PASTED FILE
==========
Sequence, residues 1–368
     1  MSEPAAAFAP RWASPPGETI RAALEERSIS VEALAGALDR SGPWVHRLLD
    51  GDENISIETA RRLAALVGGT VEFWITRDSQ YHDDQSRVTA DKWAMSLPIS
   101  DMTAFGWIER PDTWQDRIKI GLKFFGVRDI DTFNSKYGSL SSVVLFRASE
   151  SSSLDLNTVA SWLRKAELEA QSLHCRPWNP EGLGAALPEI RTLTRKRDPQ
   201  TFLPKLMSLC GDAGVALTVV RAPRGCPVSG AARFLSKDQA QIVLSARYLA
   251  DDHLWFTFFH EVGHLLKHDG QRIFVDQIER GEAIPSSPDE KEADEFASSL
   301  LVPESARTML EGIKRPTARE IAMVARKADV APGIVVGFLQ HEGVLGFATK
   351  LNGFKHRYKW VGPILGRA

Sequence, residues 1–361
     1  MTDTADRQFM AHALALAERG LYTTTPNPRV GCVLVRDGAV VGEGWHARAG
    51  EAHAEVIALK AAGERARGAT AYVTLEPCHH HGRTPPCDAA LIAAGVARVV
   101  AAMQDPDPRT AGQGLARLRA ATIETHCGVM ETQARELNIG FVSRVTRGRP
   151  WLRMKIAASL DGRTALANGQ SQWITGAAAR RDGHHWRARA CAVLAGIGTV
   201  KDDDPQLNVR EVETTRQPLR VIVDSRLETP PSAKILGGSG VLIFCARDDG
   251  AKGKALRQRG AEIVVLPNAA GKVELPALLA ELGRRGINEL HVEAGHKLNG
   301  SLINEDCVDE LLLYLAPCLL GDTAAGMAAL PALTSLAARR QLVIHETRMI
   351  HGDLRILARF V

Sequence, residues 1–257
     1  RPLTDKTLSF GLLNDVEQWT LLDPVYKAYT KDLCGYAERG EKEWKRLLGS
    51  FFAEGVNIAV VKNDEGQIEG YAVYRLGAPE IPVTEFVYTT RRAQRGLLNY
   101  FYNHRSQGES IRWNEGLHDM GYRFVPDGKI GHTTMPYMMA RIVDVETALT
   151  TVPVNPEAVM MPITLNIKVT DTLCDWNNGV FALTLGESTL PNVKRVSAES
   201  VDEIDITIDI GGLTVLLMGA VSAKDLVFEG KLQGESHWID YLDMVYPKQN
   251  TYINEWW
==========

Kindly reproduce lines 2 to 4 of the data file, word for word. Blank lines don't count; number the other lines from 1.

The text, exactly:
     1  MSEPAAAFAP RWASPPGETI RAALEERSIS VEALAGALDR SGPWVHRLLD
    51  GDENISIETA RRLAALVGGT VEFWITRDSQ YHDDQSRVTA DKWAMSLPIS
   101  DMTAFGWIER PDTWQDRIKI GLKFFGVRDI DTFNSKYGSL SSVVLFRASE